measurably as a result of the war.
while conservatism has lost ground.
Although the doctrines of the I.
W. W. -are totally uu American in
the sense of being antagonistic tc
the American tradition and- the
American theorv of government.
thev are not un-American in their
origin. The I. W. W. as a militant
organization of industrial revolu
tionists has been at work for twen
ty years and has been gaining
srength every year that it has ben
at work. The country refused to
take it seriouslv because it was re
garded merely as a "rough-neck"
labor organization that resorted to
violence and sabotage, and a3 the
averasa American doe3 not believe
that disorder can succeed, he took it
for granted that the I. W. W.
could be put down by the bayonet
and the policeman's billy. What he
refused to take into consideration
was the fact that violence and sab
otage were mere incidents in the ca
reer of syndicalism, and that they
could be abandoned even more eas
ily than they could b& adopted.
Tho I. W. W. leaders may still
favor the torch and the bomb; they
may still believe that the destruc
tion of property is a defensible and
effective means of getting rid of the
capitalist; but that is not the policy
they are now pursuing. They are
engaged in organizing the t'prolc-
tariat" into ono big union, as they
call it, in the belief that ir they
can bring the great mass of work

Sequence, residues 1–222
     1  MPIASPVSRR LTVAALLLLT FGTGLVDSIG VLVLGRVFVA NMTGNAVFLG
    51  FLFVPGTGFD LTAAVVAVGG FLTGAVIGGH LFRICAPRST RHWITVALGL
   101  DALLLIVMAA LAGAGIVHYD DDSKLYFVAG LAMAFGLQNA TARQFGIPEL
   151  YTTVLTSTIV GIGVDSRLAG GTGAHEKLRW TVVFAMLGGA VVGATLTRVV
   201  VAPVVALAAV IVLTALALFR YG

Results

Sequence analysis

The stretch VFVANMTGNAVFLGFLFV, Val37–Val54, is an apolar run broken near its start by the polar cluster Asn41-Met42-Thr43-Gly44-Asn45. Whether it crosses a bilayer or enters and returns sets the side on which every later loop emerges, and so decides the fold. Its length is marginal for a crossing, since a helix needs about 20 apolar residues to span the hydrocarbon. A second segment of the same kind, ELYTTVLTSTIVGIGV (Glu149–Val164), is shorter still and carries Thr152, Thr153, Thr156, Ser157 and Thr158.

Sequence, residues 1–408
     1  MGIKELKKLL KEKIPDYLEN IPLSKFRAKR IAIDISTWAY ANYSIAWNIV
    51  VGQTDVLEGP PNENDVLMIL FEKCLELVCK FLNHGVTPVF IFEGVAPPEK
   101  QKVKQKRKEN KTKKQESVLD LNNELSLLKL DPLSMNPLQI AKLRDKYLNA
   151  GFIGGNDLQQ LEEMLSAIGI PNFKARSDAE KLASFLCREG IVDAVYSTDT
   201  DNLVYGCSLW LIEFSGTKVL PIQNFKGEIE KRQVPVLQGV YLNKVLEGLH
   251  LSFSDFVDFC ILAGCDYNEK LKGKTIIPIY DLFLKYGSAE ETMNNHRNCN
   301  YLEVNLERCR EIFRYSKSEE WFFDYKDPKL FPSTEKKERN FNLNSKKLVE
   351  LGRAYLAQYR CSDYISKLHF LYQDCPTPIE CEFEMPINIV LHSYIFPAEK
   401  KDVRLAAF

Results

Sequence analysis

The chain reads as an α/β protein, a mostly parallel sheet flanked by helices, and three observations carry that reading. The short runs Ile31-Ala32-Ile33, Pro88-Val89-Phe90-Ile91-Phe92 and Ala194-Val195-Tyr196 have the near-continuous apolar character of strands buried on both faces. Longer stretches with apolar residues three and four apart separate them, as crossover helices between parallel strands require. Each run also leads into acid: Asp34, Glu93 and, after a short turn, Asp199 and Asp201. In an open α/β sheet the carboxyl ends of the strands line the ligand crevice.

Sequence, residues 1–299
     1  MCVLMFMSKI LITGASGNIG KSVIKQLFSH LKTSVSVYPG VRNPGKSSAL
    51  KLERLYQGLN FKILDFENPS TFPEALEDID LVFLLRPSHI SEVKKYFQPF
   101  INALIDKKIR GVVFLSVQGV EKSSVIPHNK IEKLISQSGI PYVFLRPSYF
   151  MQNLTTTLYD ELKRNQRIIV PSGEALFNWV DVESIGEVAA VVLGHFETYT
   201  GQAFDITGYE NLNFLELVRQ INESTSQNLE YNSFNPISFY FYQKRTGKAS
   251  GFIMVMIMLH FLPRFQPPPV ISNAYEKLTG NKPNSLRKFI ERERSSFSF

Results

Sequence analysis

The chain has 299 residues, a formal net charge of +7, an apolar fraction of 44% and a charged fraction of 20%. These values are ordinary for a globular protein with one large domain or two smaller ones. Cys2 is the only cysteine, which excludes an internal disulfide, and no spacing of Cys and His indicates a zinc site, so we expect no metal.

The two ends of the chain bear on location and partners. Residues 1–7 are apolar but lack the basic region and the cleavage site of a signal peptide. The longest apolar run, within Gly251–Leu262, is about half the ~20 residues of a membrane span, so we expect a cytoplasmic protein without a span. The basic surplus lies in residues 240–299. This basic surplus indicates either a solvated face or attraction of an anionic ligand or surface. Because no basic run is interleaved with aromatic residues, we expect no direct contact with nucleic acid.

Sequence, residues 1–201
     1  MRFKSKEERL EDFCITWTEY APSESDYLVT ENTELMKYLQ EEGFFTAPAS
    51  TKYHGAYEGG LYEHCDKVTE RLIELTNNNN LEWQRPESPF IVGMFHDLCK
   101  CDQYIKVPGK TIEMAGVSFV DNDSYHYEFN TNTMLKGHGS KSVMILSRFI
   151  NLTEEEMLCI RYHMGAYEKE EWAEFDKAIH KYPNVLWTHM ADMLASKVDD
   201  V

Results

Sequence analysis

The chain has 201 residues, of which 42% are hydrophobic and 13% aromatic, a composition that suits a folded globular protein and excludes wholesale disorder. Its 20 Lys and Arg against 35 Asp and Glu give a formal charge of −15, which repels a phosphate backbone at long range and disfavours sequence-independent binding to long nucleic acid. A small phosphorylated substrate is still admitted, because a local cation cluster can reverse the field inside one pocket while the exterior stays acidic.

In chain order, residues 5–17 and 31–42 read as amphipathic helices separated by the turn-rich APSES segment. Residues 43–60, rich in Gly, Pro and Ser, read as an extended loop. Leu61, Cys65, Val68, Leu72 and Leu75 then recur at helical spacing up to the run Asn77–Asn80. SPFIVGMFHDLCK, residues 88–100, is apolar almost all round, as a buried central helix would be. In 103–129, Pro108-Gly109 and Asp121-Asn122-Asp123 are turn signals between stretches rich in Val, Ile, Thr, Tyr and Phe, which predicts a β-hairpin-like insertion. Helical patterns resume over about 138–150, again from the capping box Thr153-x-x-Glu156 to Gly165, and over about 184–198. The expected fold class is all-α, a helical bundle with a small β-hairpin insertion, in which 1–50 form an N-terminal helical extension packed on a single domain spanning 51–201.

ers into a single organization, they
can then seize the macninery cf
government as well as the machinery
of industry. They are trying to do
in a different way exactly what Le
nine and Trotzky did in Russia, and
so far as possible they aire using the
old labor organizations as a con
venient weapon.
The time was when the I. W. W.'
was openly at war with the Amer
ican Federation of Labor. Then it
changed its tactics and set out to
capture tho federation. The battle
is still on, butthe I. W. W. organiz
ers have succeeded in getting a foot
hold In every important union, and
in many of them they are either in
absolute control or they hold the
balance of power between rival fac
tions. They have found that, temporarily
at least tearing up wage agree
ments promotes the purposes better
than the use of dynamite; that
more can be accomplished by bring
ing about the violation of union
contracts than by dropping emery
dust into the machinery of a factory;
that the demand for higher wages
and less work is a more eloquent
appeal than any form of violence.
While they always use the weapon '
that seems the most useful, their
aims never change, and their aims
are identical with the aims of the
bolsheviki everywhere
Nobody can reach an intelligent
understanding cf the industrial sit
uation in tho United States or of the
new dangers that confront American
institutions who does not fearlessly
face the facts of the syndicalist
movement in this country. It has
become not only formidable but
menacing, and to seek to dismiss it
as the work of ignorant "foreigners"
is a manifestation of suicidal folly.
, It cannot i,e put down by force.
must be met with education,
education is wholly lacking,
where is there any organized
tempt to deal with this question in
telligently and to enable the Ameri
csn people to comprehend what it
means to them and to their child
ren. New York World.
Joseph Smith, of this city, receiv
ed the information through a tele
grJin this morning telling of the
death la.t evening of his son. V.'ii
liym Smith, who has made his home
in Missouri for a number of years
pa.?t. The message failed to give the
cause of the young man's death or
particulars as to the time or place
of holding the funeral. Mr. Smith
icives a wife and four small children,
lie was engaged in threshing and
corn shelling wprk and had consider
able machinery for that purpose.
jli:c;i. MiTirK
J it ll,.- I strict Court of Cass cour